The whole MS. of the Coptic translator seems to have been copied by some ignorant copyist, who The Copyist. made many mistakes of orthography. It was copied by one man as a task, and hurriedly executed; and I would suggest that two copies were then made and occasionally a page of one copy substituted for a page of the other; and, as the pages were not quite exact to a word or phrase, we may thus account for some puzzling repetitions and some equally puzzling lacunae. This copy was conjecturally made towards the end of the fourth century.
What was the history of the MS. after this date is impossible even to conjecture. Its history must, however, have been exciting enough for it to have escaped the hands of fanatics--both Christian and Mohammedan. During this period some of the pages were lost.
The contents of the inferior MS. of the Bruce Codex presumably had somewhat similar adventures, may even have come from the same distributing Coptic centre.
It would be entirely out of place in these short
sketches to enter on a critical investigation into the nature of the æonology, cosmology, soteriology, christology, and eschatology of these documents, and attempt to trace their modifications. The evolution of the universe is according to a certain order, but its involution seems to change that order; the soteriology modifies the æonology and cosmology. It is, in my opinion, because of this, rather than for any other reason, that the scheme underlying the Extracts and The Book of the Great Logos is said to be an "older form" than that underlying the Pistis treatise.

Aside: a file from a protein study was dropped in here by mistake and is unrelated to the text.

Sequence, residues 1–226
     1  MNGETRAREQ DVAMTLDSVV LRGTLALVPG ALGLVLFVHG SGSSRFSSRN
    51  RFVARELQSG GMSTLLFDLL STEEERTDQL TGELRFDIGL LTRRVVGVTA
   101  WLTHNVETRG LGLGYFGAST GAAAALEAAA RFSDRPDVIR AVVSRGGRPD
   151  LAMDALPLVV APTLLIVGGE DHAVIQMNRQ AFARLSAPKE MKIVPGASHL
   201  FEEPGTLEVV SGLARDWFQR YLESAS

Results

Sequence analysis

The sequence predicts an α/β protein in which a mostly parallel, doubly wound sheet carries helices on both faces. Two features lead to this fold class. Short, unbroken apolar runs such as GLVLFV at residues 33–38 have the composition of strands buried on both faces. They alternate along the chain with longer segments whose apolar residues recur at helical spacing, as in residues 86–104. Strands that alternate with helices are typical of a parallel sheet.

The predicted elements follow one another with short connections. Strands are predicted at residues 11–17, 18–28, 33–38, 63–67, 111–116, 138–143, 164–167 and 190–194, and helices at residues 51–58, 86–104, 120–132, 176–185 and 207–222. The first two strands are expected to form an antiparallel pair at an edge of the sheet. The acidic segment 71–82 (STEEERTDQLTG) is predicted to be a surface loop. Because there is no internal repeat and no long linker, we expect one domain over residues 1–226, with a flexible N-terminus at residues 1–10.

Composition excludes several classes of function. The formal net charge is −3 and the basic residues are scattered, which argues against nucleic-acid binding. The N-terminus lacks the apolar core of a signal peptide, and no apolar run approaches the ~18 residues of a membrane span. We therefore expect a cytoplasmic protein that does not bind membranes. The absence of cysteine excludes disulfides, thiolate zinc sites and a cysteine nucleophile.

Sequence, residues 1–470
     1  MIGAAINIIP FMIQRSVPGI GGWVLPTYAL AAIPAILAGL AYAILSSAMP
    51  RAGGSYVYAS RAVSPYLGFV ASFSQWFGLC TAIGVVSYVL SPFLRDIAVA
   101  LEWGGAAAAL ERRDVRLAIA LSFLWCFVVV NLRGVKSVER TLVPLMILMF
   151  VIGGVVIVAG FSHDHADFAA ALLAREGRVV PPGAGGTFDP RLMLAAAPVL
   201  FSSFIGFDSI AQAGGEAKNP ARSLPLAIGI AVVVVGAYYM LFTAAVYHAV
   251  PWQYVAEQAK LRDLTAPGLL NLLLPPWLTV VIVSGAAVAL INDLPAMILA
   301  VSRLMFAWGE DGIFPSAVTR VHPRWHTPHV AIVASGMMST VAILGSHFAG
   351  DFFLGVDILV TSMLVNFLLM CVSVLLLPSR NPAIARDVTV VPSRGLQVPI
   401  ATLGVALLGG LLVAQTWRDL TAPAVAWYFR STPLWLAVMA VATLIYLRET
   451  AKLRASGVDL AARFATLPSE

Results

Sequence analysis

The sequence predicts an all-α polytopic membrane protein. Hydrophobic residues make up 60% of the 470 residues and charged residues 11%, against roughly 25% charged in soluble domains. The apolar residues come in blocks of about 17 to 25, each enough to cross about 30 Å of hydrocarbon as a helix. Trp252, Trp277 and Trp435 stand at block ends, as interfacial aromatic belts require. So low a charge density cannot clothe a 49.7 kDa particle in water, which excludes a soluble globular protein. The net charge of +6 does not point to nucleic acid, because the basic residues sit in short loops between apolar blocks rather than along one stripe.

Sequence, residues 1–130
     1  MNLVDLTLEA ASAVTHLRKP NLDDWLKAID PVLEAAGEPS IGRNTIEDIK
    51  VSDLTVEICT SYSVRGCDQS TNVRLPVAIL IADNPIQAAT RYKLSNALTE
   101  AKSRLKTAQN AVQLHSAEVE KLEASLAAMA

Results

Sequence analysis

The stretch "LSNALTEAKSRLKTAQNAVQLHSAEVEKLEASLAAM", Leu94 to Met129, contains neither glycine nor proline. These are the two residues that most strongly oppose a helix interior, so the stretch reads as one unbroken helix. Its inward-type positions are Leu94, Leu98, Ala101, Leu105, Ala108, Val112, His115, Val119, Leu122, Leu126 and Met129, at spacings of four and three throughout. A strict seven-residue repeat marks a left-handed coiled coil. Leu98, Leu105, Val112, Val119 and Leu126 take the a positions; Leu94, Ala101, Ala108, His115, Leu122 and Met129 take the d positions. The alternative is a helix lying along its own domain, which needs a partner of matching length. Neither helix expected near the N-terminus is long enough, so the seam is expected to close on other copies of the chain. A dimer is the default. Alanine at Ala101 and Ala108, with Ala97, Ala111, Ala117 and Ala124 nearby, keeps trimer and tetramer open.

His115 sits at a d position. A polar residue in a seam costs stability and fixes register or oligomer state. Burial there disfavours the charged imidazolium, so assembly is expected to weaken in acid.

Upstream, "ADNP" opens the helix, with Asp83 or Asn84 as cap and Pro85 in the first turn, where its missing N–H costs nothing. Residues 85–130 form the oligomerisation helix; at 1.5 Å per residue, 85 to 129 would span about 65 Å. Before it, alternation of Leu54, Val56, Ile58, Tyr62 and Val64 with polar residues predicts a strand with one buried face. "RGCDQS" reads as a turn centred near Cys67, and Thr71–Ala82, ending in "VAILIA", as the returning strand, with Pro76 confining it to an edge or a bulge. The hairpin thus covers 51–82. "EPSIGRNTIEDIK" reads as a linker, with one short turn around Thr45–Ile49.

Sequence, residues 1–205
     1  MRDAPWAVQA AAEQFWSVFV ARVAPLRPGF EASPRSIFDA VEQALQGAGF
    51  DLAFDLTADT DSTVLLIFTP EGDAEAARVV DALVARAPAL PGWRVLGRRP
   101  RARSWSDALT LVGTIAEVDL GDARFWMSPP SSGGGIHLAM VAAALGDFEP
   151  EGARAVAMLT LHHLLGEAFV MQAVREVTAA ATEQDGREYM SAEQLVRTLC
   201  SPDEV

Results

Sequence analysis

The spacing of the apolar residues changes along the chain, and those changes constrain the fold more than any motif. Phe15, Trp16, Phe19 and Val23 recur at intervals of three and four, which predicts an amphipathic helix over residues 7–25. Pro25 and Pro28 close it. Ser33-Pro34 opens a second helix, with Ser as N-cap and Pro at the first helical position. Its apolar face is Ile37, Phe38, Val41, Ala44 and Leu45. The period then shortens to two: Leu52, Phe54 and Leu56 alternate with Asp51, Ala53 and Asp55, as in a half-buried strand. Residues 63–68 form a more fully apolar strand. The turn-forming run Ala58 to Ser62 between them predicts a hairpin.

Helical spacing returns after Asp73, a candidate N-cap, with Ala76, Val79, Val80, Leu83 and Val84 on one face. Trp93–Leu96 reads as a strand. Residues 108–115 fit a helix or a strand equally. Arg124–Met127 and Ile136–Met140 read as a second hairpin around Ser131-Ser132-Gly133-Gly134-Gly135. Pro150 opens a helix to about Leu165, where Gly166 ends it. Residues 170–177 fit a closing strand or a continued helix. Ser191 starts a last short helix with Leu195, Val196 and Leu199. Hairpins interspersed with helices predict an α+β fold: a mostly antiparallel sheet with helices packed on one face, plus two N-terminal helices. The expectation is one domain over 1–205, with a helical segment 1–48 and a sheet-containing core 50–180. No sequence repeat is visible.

The Scheme presupposed in these Treatises.The scheme underlying the Pistis Sophia has been industriously analysed by Köstlin and revised and corrected by Schmidt, who has also endeavoured to trace the modification of the general scheme underlying the Extracts (hitherto erroneously called the Fourth Book of Pistis Sophia) and The Book of the Great Logos, and of the scheme presupposed in the Pistis Sophia,--modifications brought about by the revelation of the new glories of the three Spaces of the Inheritance in the last treatise.
As the general outlines of the scheme underlying the Pistis Sophia may be of service to the reader, we will give it here, but it should be understood that it represents only one configuration of the cosmic mystery, at a certain moment of time, or in a certain phase of consciousness.